In order to achieve this goal, HIV community, support and healthcare services need a valid, short and practical way to evaluate QoL of PLHIV accessing their programs. Current QoL measures are either long, complex, restricted in their use, or expensive. To address these shortcomings, the PozQoL study aimed to develop, test and validate a short and freely available scale assessing QoL among PLHIV.

Methods

Drawing on a literature review, the prioritisation of domains and development of the initial pool of items was conducted in consultation with PLHIV community organisations in Australia. The items covered health concerns, psychological, social, and functional wellbeing. Testing involved a baseline and a follow-up survey of 465 adult Australians living with HIV. Participants were recruited through social media and various community organizations nationwide. The survey included the pilot PozQoL scale and other validated measures of health and wellbeing.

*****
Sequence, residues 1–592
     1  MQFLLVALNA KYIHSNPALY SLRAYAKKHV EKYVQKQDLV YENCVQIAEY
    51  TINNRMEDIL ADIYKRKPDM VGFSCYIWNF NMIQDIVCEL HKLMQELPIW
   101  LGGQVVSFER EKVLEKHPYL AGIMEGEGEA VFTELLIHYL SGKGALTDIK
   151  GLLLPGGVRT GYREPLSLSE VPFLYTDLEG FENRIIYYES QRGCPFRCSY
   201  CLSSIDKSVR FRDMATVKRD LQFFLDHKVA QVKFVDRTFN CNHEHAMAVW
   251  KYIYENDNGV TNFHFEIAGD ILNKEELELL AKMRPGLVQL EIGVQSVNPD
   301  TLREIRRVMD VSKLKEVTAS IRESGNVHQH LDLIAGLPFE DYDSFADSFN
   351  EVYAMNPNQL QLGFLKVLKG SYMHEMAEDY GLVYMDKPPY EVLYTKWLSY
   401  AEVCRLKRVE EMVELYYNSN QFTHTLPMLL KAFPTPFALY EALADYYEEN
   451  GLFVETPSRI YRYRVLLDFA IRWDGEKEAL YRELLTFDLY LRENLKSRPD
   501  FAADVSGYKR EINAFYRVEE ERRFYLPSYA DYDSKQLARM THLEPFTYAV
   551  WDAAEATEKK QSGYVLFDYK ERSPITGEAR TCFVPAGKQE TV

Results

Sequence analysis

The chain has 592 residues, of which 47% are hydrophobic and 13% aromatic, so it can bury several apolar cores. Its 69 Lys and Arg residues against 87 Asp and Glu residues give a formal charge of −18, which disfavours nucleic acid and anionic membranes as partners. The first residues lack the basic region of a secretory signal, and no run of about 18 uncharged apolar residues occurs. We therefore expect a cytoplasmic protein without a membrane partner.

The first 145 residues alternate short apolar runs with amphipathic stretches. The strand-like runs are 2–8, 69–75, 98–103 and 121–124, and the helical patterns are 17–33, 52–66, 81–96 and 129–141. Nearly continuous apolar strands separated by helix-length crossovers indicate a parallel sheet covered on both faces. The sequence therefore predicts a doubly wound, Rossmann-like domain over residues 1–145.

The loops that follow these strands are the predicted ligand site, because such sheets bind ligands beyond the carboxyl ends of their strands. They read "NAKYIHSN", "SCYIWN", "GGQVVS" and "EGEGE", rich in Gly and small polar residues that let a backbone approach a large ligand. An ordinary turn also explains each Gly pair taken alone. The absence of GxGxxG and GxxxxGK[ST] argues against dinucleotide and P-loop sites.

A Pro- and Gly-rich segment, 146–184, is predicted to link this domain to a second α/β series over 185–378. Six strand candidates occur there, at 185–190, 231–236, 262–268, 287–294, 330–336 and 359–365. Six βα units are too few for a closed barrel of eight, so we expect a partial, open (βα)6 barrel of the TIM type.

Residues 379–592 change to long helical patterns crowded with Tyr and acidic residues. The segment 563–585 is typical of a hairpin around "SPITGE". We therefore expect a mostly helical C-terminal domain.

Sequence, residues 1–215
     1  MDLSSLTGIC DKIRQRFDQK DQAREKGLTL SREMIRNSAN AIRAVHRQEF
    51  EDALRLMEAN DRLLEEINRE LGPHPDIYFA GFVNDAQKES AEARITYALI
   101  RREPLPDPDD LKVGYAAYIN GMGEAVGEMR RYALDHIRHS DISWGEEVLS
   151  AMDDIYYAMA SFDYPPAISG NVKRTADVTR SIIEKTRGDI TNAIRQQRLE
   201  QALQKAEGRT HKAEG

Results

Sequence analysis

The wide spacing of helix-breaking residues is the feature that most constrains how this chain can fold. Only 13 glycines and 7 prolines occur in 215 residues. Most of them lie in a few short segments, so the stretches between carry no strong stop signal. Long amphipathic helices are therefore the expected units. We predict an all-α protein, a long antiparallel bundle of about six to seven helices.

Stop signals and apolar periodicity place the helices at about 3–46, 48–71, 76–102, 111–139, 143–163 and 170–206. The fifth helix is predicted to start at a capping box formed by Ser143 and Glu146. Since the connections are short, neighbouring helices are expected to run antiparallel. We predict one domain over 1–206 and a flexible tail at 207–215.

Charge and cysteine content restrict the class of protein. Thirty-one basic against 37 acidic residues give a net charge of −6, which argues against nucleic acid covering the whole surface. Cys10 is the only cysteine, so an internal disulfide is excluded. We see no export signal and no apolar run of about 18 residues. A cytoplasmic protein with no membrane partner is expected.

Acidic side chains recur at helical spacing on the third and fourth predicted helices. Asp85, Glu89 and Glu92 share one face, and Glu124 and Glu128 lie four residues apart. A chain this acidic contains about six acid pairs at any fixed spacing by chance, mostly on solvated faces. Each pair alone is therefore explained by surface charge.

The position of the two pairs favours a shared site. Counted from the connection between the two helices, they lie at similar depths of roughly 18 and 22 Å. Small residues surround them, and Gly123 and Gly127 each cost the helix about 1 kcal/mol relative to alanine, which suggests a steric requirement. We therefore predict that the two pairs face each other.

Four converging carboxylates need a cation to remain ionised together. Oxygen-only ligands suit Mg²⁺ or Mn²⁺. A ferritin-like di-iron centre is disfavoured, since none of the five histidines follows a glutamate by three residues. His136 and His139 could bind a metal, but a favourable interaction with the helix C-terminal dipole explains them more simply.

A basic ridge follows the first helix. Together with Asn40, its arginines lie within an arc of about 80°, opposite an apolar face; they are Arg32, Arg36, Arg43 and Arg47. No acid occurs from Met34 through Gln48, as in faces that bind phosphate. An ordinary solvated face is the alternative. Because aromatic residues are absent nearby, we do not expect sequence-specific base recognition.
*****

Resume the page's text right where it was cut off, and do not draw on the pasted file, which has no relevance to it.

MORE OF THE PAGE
Results

Guided by an Exploratory Factor Analysis and conceptual considerations, a 13-item scale was developed. The PozQoL scale demonstrated high levels of fit in a Confirmatory Factor Analysis, very good internal consistency, test-retest reliability, and concurrent validity with other measures that approximated different aspects of QoL.

Conclusion

The PozQoL scale has been tested in a diverse sample of adult PLHIV living in Australia, demonstrating very good reliability and validity. The insights from PLHIV and other stakeholders supported the balancing of statistical rigour and conceptual accuracy. The scale is now ready to be implemented and field-tested across a range of community, support and healthcare programs for PLHIV. This will make a significant contribution to the evaluation and enhancement of programs for PLHIV.